As multihulls get bigger and faster, it’s no surprise owners want to test them on the racecourse, as Andi Robertson reports
The Yacht Club Costa Smeralda is one of the most prestigious yacht clubs in the world, its marble atrium and exclusive pool deck usually welcoming owners and crews of superyachts, Swans, and iconic classes like the Star, J-Class and TP52. But this autumn the Maxi Yacht Rolex Cup, the club’s season finale, broke new ground with three catamarans given pride of place at the YCCS’s race dock.
The three different, but equally exciting, powerful big cats went on the prowl in a newly introduced multihull division within the 45-strong entry at the showcase Maxi event. Lord Irvine Laidlaw’s brand new Gunboat 80 Highland Fling 18 lined up alongside Adrian Keller’s 84ft Irens-designed Allegra (launched 2014), and the new Gunboat 68 Convexity, campaigned by Don Wilson and Suna Said.
For the record, Allegra won overall by two points from Highland Fling which missed the second, windy race due to a ‘teething gremlin’, but then won races three and four when the breeze had diminished. Convexity finished 3rd, on equal points aggregate to Highland Fling.
Highland Fling 18 is Laidlaw’s first new build multihull, after he had an interim pre-owned ‘starter’ Gunboat 68 (hull No1) in 2021-2022 while the 80 was in build. The red-hulled beast is undoubtedly the benchmark for a growing breed of Maxi Multihulls which are now starting to become more popular in Europe as well as in the Caribbean and the USA.
She’s an out-and-out racer – indeed a day racer at that. Built entirely in pre-preg carbon fibre, using the same construction methods as the VPLP Ultims and IMOCA 60s, a focus has been on keeping weight down to the absolute minimum and, more importantly, carefully distributed.
The 80-footer, which has a 33ft beam, has aircraft-grade furniture inside and further weight savings were also made in the paint and glazing technology. The Gunboat 80 has long, asymmetrical L-shaped daggerboards, the rig set slightly further back for a better overall balance.
The boat was only launched in July, and racing in Porto Cervo in September the crew included many longstanding Fling team members, including the likes of Jan Dekker, and Kiwi (now Newport-based) match racer Cameron Appleton. Offshore legend Loïck Peyron has had an ongoing role with the boat and sails on board as the team’s resident multihull expert, working closely alongside the owner who, as usual, steers.
By contrast, Allegra has already earned a long, successful track record offshore, including back to back class wins in the Rolex Fastnet Race. The third entry was another new Gunboat, raced at her first event by Don Wilson, who is better known for his M32 programme of the same name.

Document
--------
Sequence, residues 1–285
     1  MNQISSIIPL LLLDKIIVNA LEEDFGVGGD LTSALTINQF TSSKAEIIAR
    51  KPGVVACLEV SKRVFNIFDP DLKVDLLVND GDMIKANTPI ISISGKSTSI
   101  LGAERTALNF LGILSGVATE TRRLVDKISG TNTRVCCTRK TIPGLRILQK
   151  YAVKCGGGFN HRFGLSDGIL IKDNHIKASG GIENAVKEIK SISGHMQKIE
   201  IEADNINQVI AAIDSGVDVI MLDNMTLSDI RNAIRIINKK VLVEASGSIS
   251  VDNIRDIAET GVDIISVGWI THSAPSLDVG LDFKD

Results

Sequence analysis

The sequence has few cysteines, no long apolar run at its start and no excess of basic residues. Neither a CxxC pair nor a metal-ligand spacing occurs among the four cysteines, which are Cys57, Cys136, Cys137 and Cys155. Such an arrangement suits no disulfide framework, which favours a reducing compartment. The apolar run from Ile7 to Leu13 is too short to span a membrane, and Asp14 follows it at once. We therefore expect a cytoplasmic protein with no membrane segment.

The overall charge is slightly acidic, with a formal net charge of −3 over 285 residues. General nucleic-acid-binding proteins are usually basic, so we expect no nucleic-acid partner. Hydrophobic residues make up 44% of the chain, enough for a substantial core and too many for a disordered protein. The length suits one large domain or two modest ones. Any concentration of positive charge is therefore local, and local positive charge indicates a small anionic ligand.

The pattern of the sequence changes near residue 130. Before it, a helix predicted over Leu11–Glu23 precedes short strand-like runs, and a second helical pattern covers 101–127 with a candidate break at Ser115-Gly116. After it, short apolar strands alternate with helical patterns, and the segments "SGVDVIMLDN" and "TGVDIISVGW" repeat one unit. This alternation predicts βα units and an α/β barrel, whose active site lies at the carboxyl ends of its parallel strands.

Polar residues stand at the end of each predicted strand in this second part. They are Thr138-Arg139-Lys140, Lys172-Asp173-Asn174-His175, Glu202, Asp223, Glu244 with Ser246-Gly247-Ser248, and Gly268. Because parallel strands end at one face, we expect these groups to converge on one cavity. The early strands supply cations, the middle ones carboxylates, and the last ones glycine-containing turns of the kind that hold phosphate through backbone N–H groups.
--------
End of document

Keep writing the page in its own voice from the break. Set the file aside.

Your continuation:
There should have been five Maxi Multis forming this inaugural class, but two did not make it for fairly exceptional reasons: CoCo de Mer, the Gunboat 66, capsized in the Round the Island Race; and Flow, a Gunboat 60, was damaged by fire in Barcelona. But the feedback from those in Porto Cervo is that next year should see somewhere between six and maybe eight big Multis racing in this class.
“I think this is only going to grow,” smiles the ever enthusiastic Paul Larsen of Allegra. “We were usually the first boats to start and we would take off and have some fantastic boat-on-boat racing, flying hulls, pushing it to the edge.”
Making the transition
As the firepower increases and the multihull fleet grows, so more and more top pro sailors are making the transition to these high speed big cats.
“I was looking across at the start line and on the boat next to us there is Kinley Fowler, Taylor Canfield, Chris Nicholson, Charlie Enright all racing on one boat, that is a punchy line up of guys right there,” recalls Larsen. “And then there is Loïck [Peyron], Cameron Appleton, Jan Dekker and co on the Highland Fling and they are right here racing these multihulls, not over there on the Maxis!
“It’s great fun to be racing in that company. These guys are not paid to come second. Everyone is there with an interest in moving things forwards, and the owners have the budget to drive things forward. But while it is fun, I think Adrian [Keller, Allegra owner] is conscious of the rest of the fleet – for the other good boats we definitely don’t want to go forwards blindly and leave them behind.”
Highland Fling tactician Cameron Appleton races everything from TP52s to RC44s and superyachts – so is not someone who is easily impressed. He has found himself doing more and more Maxi Multi racing and enthuses: “The new boat is a great evolution, it is a big step on. I did some sailing on the last boat, the Gunboat 68, and on the HH66 and other big multis. The fleet has some serious promise, without a doubt.
“For some older owners like Irvine it just has an extra comfort element. If he needs to take a break, or when we are waiting before or between racing, there is a lot of real comfort. When he is sitting inside he can see everything that is going on on the race course, nothing is obscured by any big amounts of heel. His rest is true rest for him then and that is important for him.”
Despite bringing a highly experienced crew on to the new boat, Appleton acknowledges: “We had a lot to learn. We have a lot of the original guys from the Highland Flings, we had Loïck Peyron to help in terms of set-up and speed and just the way we approached sailing, the sail configurations. He was amazing, so alive, so electric and passionate. His biggest thing was all about when you had to choose your combinations, the whole ‘low load, low drag is fast’. It’s about not trying to overpower the boat, so that if you get caught out, this is step one, this is step two, you can ride this out this way… you can get yourself in trouble with this combination but not that one…
“The importance, [Peyron] was pressing on us, is in thinking ahead. These multis load up very fast. We have the ‘UpSideUp’ system which has the Vs, the cap shrouds set with an alarm at a certain load, we have a heel angle alarm that triggers the mainsheet, and we have a mainsheet load that triggers too. So there are three safety features. We are making sure we are sailing the boat within these limits.”
Costa Smeralda and the confines of ‘Bomb Alley’ – as the passage through La Maddalena archipelago is known – is a very different race track to the tradewind, open, choppy waters of the Caribbean where the biggest growth in these big multihulls is.